US Release Date: 10-31-1905
Directed by: Georges Melies
- Georges Melies as
- guest at the inn
The mischievous Black Imp.
The Black Imp is an early example of creative and seamless special effects. The magic of cinema allowed the illusion that objects could be made to disappear and reappear at random. Georges Méliès made good use of this stop motion technique in his iconic masterpiece, A Trip to the Moon. Released in 1902, that is considered to be the first true film, complete with costumes, sets and a narrative. The Black Imp is much less ambitious in scope but still entertaining.
The titular character prances and hops amusingly around a bedroom of an inn. He is dressed like a devil, all in black, with a long white beard. He suddenly disappears. Next a man gets shown to the room by several innkeepers and a maid. As soon as the man is alone, strange things begin to happen. His bureau disappears and reappears on top of a table, then on top of two tables.
Next the chair begins to multiply all around the room. In the best special effect the man tries throwing the chair but each time he does it is immediately replaced by another chair.
Finally the little devil returns and the man begins chasing him around the room with a broom stick. The imp makes the bed catch on fire and then disappears again. The innkeepers return, find the room a mess and the bed burnt, and drag the now raving man out. The mischievous imp returns, pleased with himself, and lies down on what is left of the bed to sleep contentedly.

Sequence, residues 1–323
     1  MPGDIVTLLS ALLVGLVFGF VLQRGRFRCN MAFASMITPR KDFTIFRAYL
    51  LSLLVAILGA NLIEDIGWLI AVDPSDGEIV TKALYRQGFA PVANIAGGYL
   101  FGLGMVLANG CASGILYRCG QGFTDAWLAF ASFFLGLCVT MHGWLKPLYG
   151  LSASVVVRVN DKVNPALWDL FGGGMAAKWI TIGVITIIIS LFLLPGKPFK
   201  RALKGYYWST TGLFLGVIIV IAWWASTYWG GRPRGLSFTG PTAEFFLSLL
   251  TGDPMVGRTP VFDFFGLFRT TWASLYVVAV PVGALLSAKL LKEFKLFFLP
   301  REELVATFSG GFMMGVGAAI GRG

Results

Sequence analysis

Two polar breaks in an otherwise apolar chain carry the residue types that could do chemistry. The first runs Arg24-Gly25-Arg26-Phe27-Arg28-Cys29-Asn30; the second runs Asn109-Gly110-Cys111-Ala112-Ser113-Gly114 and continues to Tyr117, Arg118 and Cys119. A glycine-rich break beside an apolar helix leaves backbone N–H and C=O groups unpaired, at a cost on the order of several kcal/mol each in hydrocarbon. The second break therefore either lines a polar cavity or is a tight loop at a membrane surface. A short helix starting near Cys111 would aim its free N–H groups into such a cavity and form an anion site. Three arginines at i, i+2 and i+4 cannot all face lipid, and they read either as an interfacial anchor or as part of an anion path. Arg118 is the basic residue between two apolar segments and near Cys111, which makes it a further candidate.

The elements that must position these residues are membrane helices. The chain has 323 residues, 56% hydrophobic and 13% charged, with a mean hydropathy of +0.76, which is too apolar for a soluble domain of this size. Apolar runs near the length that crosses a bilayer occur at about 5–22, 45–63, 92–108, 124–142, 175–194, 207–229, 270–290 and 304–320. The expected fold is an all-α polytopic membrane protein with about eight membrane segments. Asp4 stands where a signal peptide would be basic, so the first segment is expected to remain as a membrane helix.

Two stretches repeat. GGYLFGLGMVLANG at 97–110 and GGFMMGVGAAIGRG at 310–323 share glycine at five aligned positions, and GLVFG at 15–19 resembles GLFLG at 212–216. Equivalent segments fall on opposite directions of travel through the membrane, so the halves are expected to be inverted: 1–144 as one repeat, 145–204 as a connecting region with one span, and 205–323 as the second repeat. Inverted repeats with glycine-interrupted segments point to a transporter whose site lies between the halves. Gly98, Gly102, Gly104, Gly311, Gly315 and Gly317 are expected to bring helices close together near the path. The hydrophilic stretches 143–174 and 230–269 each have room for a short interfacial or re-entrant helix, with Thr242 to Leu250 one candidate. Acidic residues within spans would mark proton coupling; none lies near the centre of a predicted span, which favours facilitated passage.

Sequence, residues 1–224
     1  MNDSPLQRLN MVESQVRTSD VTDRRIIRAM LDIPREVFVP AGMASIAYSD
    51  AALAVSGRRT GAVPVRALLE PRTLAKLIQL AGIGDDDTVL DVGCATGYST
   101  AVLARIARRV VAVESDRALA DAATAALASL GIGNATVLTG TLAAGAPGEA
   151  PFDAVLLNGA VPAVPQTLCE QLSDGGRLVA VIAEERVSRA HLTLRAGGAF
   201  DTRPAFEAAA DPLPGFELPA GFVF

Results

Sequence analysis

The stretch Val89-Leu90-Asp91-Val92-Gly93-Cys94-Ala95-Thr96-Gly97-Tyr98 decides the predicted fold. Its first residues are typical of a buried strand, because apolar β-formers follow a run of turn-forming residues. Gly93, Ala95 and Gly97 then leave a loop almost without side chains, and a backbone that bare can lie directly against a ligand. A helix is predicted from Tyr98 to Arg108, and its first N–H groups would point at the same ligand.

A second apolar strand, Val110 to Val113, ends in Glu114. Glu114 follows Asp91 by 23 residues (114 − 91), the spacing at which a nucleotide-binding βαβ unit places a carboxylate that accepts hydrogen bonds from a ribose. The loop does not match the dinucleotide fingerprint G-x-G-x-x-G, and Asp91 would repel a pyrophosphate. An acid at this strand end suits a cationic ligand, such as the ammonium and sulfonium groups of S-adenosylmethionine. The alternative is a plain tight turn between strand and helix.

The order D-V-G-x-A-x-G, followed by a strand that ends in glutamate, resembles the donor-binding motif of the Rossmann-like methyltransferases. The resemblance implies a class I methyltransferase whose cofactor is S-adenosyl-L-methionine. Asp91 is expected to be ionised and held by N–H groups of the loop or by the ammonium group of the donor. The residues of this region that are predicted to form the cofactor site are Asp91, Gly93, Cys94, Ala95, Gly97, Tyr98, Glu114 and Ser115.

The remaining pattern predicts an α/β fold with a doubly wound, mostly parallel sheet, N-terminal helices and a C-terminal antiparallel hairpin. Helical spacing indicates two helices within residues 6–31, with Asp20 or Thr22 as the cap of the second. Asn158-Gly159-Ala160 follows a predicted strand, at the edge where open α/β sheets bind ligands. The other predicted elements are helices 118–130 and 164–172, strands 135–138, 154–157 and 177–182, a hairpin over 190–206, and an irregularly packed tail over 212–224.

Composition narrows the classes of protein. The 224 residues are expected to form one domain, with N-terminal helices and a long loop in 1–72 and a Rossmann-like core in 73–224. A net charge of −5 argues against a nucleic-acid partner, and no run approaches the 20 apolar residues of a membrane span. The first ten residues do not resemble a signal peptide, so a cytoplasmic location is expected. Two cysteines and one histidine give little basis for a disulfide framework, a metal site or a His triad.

Georges Melies in The Black Imp.
Again Georges Méliès proves that he was the master of early special effects. He also shows that when it comes to storytelling, he really didn't have much of a clue.
Clearly the whole point of this short is to show off the use of quick cuts. Using just this simple technique Méliès manages to create some impressive (especially for the time) effects. Like you Patrick, I found the multiplying chairs to be the film's best effect.
Méliès, who stars in the short, wasn't a very good actor. He mimes and overacts horribly. Watch his exaggerated, "I'm going to sleep" and "Here I go to put my coat away" movements and you'll see what I mean. He hadn't learned that you don't need to telegraph your intentions so broadly for audiences to understand what you were doing.
In the silliest bit of the short, when the man goes to put his coat away, the dresser starts moving around the room. What's silly about that is that the man's first reaction isn't to run screaming out of the room, but to follow the dresser around trying to put the jacket away anway.
With such a short running time, at least this film is fast paced and mildly amusing, but Méliès could have made better films if he worked with a writer and a real actor instead of trying to do those jobs himself.
George Melies, the grandfather of science fiction films.
My favorite special effect in The Black Imp is when the dresser was stacked on the tables. He climbs up on them, still determined to put his clothes away. They dresser and tables disappear and he falls to the ground. How did Melies get into the air to do that shot?
The Black Imp shows a devil like character haunting a hotel room until the occupant gets carried out hysterically by the owners. I think the estate of George Melies should demand some money from Steven King and the film makers of 1408 (2007). In that film a hotel guest is haunted by devilish forces until he goes crazy.
Melies was not strong on plots or characterization, but he had some ideas that are still being mimicked more than one hundred years later.
Photos © Copyright Star Film (1905)